Salt damp is attacking Adelaide’s built heritage

However it’s also found during many of the building inspections we conduct on the standard brick veneer homes across South Australia.

Salt damp and rising damp are two different things but they need to be attacked in a coordinated manner by home owners and people maintaining and renovating properties.

‘Salt damp’ is a term in common use across Adelaide but it essentially is referring to the high concentration of salt associated with rising damp.  The high concentration is both a symptom of rising damp but it complicates the problem as the high concentrations of salt act to more quickly deteriorate the brick work, mortar and render.


How does Salt Damp occur?

Salt damp occurs mostly in older buildings across Adelaide where modern damp proof courses were never installed.  Or if some kind of damp proof course was installed, it’s now been damaged or deteriorated to allow the water in the soil to be sucked up into the brick work, block work or render by capillary action.

This water has an amount of salt in it and when as it rises up the walls, so does the salt.  The water will eventually evaporate and dry out but the salt remains as crystals on the surface and within the cracks of the mortar.  It accumulates over time and attacks the brick work, its mortar and rendered finishes.


How does Salt Damp damage buildings?

Salt Damp damage goes beyond un-slightly white deposits.  Over time salt crystals are forming in the mortar of brick and block work, they rest on the surface of rendered finishes and they find their way into every nook and cranny of a built structure.  The salt will disrupt the masonry.

This will cause decay and fretting of the masonry skin.  The brick itself will  begin to crumble and the mortar will become dusty and erode more quickly than ever intended.


Why does so much Salt Damp occur in Adelaide?

Our building inspectors across Adelaide are constantly identifying and reporting on Salt Damp.  This is because Adelaide has very salty soils which when combined with the hot drying summers make it more susceptible to salt damp than other major cities. To contact one of our Adelaide Inspections, or to read more about SA building inspections and highlights in the Adelaide area, visit our Jim’s Building Inspections Adelaide page.


Seven Steps to Fix Salt Damp:

  1. Once salt concentrations have reached a level where there are visible salt deposits you have to tackle both the salt and the damp.  Trying to treat just one or the other will no longer work.
  2. Diagnose the cause of the Damp
    What is the cause of the damp?  Is the damp moving up, down or across the wall?
  3. Dry out the Damp
    Whatever the cause attack it at its source, this may involve clearing and cleaning out gutters, moving soil away form the base of walls, replumbing some of your storm water or changing the site drainage.
  4. Treat mild damp
    Once you have removed the cause of the damp treat existing weak and eroded mortar, plaster and bricks as the sacrificial lamb.  Even with the source damp removed, there is likely to be remant excess moisture in your walls.  You need to leave it to dry out and the existing building materials will suffer.  After some time – maybe a whole summer – you can then clean it out and replace it once you know the damp problem is gone.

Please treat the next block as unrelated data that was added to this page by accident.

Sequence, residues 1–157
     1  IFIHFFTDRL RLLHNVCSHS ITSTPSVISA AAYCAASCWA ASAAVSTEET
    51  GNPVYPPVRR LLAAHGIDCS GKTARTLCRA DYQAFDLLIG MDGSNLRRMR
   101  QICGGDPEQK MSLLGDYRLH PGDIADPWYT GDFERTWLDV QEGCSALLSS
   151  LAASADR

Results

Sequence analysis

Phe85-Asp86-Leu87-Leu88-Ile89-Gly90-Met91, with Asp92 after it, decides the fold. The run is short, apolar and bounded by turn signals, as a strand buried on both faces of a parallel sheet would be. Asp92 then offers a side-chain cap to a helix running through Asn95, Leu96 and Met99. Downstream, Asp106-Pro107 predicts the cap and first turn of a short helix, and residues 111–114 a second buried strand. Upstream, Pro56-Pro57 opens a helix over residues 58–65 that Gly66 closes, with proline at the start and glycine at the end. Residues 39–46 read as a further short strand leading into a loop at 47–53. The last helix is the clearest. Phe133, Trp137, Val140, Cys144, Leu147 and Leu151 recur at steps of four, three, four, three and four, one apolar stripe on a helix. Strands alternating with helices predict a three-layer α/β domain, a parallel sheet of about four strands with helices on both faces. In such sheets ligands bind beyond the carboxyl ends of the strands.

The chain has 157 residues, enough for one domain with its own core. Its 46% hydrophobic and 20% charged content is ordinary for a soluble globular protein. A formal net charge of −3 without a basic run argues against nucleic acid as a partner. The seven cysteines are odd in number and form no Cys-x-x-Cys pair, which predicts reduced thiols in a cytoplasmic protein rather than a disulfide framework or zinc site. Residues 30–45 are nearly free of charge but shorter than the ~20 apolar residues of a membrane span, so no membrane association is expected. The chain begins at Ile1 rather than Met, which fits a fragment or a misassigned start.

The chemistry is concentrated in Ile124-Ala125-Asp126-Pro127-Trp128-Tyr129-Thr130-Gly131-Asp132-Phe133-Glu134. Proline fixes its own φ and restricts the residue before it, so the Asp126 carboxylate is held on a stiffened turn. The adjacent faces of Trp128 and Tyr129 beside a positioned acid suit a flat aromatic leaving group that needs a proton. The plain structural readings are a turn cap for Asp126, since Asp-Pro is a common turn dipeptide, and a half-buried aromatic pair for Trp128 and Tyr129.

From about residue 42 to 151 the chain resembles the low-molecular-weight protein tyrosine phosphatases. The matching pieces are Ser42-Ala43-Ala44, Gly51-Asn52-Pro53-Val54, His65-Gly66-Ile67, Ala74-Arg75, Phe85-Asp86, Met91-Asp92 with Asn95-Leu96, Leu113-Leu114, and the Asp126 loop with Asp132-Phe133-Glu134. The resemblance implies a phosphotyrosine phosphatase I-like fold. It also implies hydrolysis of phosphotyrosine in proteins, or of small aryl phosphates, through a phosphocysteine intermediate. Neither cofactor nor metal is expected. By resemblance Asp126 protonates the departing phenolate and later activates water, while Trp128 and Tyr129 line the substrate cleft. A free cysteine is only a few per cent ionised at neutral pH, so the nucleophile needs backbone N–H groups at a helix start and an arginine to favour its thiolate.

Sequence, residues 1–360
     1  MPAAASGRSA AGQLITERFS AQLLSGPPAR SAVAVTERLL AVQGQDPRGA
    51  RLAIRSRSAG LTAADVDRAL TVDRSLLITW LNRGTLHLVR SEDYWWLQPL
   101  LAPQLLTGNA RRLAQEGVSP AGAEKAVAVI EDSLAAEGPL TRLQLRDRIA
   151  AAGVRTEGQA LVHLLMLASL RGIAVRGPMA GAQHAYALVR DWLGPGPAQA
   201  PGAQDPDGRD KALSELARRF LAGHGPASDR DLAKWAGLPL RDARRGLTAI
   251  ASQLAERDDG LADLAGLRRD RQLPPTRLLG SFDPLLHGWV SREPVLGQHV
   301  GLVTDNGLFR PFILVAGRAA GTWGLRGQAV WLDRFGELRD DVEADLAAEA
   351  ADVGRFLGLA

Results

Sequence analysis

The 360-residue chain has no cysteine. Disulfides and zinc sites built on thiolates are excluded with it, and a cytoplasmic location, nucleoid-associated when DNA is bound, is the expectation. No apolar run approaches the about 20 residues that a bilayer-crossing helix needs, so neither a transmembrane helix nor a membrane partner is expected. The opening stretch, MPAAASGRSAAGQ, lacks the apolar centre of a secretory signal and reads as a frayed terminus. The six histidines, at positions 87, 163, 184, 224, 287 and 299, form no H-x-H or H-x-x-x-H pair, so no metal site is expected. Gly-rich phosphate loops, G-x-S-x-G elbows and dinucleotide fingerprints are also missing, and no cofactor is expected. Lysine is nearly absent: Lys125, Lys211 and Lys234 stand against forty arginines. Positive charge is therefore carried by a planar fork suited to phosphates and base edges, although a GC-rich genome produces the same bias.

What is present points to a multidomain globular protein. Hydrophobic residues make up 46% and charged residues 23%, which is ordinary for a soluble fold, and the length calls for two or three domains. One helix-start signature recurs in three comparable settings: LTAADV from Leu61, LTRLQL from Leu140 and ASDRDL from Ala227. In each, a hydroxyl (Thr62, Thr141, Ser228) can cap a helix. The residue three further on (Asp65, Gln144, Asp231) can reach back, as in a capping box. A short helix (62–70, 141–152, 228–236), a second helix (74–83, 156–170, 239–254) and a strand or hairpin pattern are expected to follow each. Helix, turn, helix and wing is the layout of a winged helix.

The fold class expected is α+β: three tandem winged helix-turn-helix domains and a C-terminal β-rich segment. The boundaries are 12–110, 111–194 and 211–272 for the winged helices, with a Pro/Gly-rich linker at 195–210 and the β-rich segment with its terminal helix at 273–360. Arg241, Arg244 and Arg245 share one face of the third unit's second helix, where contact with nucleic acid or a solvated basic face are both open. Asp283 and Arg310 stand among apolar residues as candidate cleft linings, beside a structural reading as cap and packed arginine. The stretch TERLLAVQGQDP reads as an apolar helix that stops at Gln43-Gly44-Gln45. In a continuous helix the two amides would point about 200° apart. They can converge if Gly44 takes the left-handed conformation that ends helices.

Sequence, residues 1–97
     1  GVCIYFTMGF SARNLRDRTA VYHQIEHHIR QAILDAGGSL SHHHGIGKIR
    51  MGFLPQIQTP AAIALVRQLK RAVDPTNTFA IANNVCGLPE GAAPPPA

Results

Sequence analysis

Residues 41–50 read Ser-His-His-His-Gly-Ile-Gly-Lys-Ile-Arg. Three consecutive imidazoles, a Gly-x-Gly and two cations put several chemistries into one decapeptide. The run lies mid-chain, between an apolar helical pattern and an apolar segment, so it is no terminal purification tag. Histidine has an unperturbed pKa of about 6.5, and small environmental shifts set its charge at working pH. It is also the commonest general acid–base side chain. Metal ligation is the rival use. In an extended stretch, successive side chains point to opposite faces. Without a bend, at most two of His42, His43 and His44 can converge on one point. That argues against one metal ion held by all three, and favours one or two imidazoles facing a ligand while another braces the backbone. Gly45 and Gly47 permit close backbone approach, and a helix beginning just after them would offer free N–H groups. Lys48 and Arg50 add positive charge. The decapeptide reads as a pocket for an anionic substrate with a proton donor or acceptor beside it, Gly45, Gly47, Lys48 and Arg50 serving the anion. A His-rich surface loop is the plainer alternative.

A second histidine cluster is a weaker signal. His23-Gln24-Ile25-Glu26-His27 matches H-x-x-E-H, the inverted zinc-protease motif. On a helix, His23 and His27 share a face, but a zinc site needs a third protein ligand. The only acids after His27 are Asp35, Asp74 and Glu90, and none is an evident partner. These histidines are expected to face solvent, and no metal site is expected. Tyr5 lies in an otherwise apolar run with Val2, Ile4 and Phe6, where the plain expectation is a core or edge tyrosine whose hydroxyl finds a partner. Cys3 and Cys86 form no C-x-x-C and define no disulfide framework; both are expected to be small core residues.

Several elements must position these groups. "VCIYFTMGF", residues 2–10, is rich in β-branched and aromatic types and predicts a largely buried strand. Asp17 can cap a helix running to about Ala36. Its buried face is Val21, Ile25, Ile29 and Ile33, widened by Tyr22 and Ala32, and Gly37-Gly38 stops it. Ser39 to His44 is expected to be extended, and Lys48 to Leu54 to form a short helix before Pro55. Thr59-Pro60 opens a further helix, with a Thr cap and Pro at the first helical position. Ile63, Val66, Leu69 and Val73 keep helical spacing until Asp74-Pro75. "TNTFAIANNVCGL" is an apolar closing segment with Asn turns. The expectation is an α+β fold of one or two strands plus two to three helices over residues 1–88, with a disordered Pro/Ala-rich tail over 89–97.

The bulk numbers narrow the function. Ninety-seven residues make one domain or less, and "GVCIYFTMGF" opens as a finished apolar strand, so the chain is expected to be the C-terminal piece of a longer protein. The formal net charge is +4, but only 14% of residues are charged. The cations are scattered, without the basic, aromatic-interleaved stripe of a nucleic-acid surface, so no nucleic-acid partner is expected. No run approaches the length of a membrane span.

5. Remove excess salt
    In the meantime you can remove excess salt – not by washing but by brooming, brushing and vacuuming it off (vacuum if it’s a heritage building or you don’t want to make the brick damage worse).
  6. Review results
    This process may take a year or more to resolve, you are likely to need to run a full winter to make sure you have dealt with preventing the damp from recurring.  This will reveal if you have done enough or need to go further to protect the building.  This is when you need to look at a structural intervention.
  7. Insert a Damp Proof Course (DPC)
    There are a couple of options here including an injectable or chemical damp proof course or something called undersetting or cutting out a section of the wall to insert a new damp proof course.
  8. Desalinate the walls
    In conjunction with inserting a DPC you need to also desalinate the walls, there are a range of sacrificial plasters and something called captive head washing to deal with the salt already in situ.


If you have concerns about salt damp around your home in Adelaide call our local Building Inspectors on 131 546 and they can assist you to identify the cause of the damp and put an action plan in place.

For more information on Salt Damp CLICK HERE to read what the Adelaide City Council has to say.




Title: Salt attack and Rising Damp, A guide to salt damp in historic and older buildings

Author: David Young for: Heritage Council of NSW- Heritage Victoria- South Australian Department for Environment and Heritage- Adelaide City Council


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